Indeed, it’s unclear how much the coroner knew in the first place about sickle cell trait or exertional sickling. “I was fully aware of exertional sickling when I did the autopsy, but I had no history of sickle cell disease or trait,” Beaver told Salon. He recalled that in examining Agu’s body, he found “mild to moderate cardiomegaly” (i.e., an enlarged heart) but no evidence of hypertrophic cardiomyopathy (the disease by which the heart muscle grows excessively thick) or hypertensive cardiovascular disease.
“I was given the history that he was perfectly healthy and had participated in this specific drill many times without the slightest issue,” Beaver added. “It was not until I looked at the cardiac biopsy material that I found sickle cell in the microvasculature and could raise the issue.” From that point forward, he said, the investigation was conducted by the sheriff’s office and he was no longer involved. “I was never given the history of documented sickle cell trait, or shown any documentation that I recall,” he said.
The autopsy report was released two months after Agu’s death. To the great relief of university officials, the cause of death was listed as hypertrophic cardiomyopathy.
The truth didn’t begin to emerge until discovery and depositions for the Agu family’s wrongful death lawsuit against the University of California’s Board of Regents. In his own deposition, Beaver recounted the phone conversation in which Batten had put his thumb on the scales of the autopsy investigation. A sheriff’s lieutenant confirmed that the university had faxed over 112 pages documenting its own investigation, while appearing to omit up to 29 other pages.
Asked about his call to the coroner, Batten said under oath, according to the transcript of his deposition: “Um, I don’t recall that I had a conversation where we — I think we did say something along the lines of it appeared to be, but it was — I think it was — it might have been after — I really don’t recall when I spoke with him….”
Batten is now lead primary care physician for the Los Angeles Rams of the National Football League, and is also on staff at the highly prestigious Cedars-Sinai Medical Center in Los Angeles. He did not respond to Salon’s request for comment, and a spokesperson for Cedars-Sinai said the hospital could not respond to questions about events in Batten’s career that predated his employment there.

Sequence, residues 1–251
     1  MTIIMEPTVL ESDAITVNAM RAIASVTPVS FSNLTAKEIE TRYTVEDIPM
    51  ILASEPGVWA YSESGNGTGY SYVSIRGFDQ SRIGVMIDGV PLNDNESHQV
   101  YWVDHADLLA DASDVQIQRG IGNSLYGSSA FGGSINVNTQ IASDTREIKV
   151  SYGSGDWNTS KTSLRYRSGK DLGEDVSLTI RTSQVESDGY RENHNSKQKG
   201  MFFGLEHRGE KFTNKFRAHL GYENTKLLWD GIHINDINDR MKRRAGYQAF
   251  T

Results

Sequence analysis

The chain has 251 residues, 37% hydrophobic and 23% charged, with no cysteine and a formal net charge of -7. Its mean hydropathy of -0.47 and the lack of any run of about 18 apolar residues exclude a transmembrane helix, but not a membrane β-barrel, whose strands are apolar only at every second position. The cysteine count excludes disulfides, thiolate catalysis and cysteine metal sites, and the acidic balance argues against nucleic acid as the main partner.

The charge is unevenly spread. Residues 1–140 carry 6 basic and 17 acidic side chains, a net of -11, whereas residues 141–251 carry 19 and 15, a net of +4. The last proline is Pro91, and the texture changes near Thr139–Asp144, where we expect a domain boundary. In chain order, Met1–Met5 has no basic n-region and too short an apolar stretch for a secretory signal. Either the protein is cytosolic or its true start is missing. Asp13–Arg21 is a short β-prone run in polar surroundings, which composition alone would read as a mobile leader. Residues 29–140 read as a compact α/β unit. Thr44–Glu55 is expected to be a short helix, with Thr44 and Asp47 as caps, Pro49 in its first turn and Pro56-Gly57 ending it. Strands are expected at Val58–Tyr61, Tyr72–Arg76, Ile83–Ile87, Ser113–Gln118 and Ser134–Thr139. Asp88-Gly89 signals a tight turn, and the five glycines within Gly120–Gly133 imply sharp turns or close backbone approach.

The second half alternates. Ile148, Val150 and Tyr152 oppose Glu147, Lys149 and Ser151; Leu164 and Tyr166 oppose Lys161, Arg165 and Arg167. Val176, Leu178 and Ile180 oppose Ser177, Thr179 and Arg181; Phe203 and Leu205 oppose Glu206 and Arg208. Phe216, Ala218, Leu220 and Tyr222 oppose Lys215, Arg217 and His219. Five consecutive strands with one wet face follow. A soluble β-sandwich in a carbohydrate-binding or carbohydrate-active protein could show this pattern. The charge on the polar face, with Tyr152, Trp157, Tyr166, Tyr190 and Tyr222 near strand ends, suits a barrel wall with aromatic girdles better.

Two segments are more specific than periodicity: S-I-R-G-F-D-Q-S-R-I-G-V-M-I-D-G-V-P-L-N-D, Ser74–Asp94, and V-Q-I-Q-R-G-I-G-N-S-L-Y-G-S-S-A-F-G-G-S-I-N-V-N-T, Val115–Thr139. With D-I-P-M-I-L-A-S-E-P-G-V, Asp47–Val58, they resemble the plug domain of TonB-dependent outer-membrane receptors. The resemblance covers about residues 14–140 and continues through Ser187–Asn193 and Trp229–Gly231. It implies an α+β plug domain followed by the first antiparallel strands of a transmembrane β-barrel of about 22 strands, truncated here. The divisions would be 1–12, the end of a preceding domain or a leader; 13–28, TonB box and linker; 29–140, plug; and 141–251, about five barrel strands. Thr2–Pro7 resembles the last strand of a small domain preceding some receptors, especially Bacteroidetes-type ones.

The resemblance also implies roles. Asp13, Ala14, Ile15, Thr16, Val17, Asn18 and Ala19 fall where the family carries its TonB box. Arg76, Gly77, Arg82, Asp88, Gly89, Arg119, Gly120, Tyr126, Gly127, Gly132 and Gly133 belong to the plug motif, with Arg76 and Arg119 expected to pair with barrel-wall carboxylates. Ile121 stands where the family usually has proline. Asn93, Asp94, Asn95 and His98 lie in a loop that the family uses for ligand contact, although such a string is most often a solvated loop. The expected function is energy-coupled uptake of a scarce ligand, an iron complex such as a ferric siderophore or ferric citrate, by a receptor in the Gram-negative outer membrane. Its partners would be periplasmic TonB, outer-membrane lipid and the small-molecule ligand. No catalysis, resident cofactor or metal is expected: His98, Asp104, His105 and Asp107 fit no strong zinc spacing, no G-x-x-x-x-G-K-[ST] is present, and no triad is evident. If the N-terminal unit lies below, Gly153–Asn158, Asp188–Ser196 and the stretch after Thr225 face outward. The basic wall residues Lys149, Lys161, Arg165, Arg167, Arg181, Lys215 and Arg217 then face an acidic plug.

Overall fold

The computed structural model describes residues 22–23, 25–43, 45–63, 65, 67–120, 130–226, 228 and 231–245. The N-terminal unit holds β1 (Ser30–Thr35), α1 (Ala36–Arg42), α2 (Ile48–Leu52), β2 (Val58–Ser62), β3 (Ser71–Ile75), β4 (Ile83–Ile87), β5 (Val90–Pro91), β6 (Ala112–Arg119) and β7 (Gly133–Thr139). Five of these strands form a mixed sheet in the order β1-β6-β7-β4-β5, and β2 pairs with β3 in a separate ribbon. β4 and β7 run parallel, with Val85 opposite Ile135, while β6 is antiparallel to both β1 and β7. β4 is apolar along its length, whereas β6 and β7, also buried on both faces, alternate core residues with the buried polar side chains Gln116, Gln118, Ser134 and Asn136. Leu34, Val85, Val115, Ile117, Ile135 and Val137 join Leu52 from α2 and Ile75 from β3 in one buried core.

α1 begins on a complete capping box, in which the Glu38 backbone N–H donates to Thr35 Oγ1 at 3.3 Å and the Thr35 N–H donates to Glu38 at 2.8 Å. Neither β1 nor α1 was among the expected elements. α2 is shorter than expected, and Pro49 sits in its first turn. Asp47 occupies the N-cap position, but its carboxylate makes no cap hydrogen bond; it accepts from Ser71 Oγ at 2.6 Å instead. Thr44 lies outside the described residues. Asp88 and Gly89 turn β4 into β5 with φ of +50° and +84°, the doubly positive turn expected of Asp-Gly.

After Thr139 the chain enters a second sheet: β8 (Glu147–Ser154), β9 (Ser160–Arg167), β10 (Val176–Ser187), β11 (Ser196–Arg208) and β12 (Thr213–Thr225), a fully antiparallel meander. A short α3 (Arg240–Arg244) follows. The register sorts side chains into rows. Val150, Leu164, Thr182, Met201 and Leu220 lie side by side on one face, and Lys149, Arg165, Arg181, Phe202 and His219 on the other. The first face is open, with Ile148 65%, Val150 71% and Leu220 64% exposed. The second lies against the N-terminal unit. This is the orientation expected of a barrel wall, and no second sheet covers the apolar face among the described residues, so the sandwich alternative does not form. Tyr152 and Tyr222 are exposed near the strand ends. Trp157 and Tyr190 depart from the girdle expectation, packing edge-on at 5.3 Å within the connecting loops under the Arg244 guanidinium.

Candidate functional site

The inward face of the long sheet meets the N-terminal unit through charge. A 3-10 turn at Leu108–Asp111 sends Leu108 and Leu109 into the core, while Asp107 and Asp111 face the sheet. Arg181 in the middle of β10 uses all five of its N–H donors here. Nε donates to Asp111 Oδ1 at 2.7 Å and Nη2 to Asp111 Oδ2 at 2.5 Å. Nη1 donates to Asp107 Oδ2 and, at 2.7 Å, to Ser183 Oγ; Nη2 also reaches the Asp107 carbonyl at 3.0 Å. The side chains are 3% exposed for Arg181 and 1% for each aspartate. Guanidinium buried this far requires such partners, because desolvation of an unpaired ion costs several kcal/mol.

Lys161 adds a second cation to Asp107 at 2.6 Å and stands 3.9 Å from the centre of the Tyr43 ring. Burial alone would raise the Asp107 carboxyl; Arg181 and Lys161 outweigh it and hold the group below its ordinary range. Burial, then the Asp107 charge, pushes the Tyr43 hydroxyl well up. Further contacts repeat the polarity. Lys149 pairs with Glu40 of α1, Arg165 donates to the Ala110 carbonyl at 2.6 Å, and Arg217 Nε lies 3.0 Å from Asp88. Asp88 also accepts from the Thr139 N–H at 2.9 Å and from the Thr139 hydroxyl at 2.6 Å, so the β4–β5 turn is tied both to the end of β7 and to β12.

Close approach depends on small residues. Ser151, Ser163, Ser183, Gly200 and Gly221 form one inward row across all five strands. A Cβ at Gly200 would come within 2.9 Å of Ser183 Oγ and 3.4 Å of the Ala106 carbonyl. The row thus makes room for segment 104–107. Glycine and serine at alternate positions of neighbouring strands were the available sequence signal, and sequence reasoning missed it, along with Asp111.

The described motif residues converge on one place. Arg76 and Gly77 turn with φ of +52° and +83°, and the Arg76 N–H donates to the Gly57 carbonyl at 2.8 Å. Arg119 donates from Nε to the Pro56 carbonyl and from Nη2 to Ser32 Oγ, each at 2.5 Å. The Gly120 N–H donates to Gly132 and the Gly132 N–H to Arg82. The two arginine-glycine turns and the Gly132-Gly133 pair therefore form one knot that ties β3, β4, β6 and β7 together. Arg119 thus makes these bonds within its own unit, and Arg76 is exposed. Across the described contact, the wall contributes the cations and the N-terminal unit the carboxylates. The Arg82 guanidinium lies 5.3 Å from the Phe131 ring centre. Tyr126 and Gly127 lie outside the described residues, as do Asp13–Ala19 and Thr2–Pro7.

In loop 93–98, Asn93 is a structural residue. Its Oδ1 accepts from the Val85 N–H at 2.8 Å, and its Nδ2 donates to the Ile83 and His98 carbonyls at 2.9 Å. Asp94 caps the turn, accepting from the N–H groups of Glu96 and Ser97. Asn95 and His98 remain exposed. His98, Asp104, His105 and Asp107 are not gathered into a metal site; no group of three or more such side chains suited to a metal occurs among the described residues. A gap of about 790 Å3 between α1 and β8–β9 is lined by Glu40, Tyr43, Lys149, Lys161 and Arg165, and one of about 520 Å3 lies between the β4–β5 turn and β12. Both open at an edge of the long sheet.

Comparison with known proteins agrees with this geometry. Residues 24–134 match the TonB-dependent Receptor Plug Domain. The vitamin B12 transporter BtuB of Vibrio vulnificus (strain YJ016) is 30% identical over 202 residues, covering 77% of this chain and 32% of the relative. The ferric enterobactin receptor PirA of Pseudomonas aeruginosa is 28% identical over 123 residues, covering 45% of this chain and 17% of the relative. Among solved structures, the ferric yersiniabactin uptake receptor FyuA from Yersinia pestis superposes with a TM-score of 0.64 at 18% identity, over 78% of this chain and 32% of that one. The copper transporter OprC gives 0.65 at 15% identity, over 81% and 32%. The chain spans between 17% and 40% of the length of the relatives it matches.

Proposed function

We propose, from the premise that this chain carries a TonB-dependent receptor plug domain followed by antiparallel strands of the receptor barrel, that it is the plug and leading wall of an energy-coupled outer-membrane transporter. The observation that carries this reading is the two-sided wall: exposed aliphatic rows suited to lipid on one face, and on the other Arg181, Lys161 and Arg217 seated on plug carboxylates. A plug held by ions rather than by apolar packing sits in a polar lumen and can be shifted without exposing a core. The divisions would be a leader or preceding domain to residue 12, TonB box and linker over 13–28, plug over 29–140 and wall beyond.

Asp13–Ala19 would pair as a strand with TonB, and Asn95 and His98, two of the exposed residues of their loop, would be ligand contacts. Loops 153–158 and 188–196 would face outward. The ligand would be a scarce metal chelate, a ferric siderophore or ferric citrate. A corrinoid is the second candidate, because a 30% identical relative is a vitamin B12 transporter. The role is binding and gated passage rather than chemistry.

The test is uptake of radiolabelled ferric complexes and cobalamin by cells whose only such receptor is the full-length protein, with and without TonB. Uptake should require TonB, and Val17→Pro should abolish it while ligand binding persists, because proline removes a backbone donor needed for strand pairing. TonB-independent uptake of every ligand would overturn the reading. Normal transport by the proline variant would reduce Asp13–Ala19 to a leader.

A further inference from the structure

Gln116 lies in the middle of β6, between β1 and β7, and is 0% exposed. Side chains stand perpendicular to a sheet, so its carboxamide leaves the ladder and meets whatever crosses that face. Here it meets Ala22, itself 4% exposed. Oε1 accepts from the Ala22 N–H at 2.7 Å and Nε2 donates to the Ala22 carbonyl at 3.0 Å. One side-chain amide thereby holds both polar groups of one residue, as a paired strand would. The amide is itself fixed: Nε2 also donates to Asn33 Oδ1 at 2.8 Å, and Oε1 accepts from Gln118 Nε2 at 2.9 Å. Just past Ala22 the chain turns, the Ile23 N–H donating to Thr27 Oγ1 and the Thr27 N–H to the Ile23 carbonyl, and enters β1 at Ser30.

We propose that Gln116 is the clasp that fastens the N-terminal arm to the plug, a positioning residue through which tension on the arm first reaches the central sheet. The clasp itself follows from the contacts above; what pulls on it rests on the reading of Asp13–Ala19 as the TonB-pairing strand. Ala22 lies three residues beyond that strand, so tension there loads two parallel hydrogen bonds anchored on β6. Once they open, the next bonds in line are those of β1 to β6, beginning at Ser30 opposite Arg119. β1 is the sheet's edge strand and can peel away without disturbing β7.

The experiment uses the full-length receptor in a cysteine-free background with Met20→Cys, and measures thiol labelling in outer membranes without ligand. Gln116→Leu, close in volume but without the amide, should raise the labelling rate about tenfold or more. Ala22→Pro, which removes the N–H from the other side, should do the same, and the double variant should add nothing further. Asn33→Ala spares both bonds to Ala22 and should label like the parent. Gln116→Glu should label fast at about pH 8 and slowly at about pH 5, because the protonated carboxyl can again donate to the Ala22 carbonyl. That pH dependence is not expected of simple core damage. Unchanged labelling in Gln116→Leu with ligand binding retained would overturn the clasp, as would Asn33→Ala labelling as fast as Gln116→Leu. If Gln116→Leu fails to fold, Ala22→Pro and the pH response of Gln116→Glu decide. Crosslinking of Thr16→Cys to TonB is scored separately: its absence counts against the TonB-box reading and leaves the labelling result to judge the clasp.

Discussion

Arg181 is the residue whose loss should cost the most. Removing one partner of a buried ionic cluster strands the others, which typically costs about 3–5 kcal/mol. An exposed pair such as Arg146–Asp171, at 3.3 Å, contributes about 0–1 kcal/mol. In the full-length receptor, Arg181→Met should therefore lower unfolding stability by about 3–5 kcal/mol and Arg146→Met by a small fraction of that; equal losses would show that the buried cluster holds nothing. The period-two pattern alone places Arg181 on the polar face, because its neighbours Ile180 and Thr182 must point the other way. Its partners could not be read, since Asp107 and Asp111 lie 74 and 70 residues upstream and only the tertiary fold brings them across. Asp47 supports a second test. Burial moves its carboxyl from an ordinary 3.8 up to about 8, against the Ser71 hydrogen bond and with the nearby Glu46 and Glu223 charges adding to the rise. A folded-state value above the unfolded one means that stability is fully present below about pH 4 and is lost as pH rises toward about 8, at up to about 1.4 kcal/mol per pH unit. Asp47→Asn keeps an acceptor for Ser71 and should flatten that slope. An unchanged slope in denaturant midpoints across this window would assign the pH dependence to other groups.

After the depositions, Beaver — who by then had taken another coroner post in Florida, and is now a faculty member at the Medical University of South Carolina — took the extraordinary step of having Alameda County revise the autopsy report to reflect the new conclusion that ES was a contributing cause of Ted Agu’s death. Not long after that, the University of California’s lawyers reached agreement with the Agu family on a $4.75 million settlement of their wrongful death suit.
But to call ES a contributing factor in this case seems a major understatement. Testimony by Agu’s teammates made clear that he collapsed multiple times and deteriorated in stages, rather than dying suddenly. That sequence is completely consistent with ES-rhabdomyolysis, and not at all consistent with a coronary event.
ES awareness can be funny that way. For football, as we’ll see, it’s a political football. In other walks of life, it’s an excuse. Surveying the overall cluster of litigation over deaths of African-American males, there seems to be only one category of defendants who jump to acknowledging ES. In fact, in that one category, defendants aggressively deploy this explanation. That category is police officers, in fatalities involving criminals or suspects. There, apologists for the brutality that caused the individual in custody to die suddenly are quick to suggest that the culprit might have been ES, rather than the proverbial or actual knee on the neck, as in the infamous case of George Floyd.
Yet even today, if you do a standard Google search for Ted Agu’s cause of death, the result still comes up as “hypertrophic cardiomyopathy.” Adhering to the maxim often attributed to Mark Twain, the lie got halfway around the world before the truth put its shoes on. Which was exactly the way Cal and FootballWorld — my term for the organized football establishment — wanted it.
As a grim illustration of this, my California Public Records Act lawsuit against the University of California is now in its fifth year. As a result of the corresponding public information law requests, some of them enforced or catalyzed by my court petition and court orders, 700 pages of internal university documents have been produced, many of them intensely focused on the university’s PR management of Agu’s death.
The only reason this litigation remains ongoing is that UC apparently is not content with its victory in seeing none of these details, which have only been published at my personal website, picked up by any mainstream news outlet. The university is now asking California’s First District Court of Appeal to reverse a lower court’s ruling ordering reimbursement of my attorney’s fees and costs. (Earlier this year, the parties had settled on a discounted payment of $125,000.)
Demonstrating that Cal football at least knows how to fight the last war, emergency medical services were summoned in a timely fashion during a subsequent conditioning episode in 2018 that involved another Black player on the first day of team conditioning. He had been pulled out of a practice three months earlier, and this time required hospitalization for two nights with what was diagnosed as “non-traumatic rhabdomyolysis.” Again, news of the incident was efficiently hushed up.
For FootballWorld, multimillion-dollar settlements of lawsuits by family survivors are baked in as a cost of doing business. In case you’re wondering how key individual actors in the Agu death and the subsequent cover-up made out, beyond the illustrious Dr. Batten, the answer is that they’re doing fine — and without exception have moved on to bigger paychecks and more prestigious programs.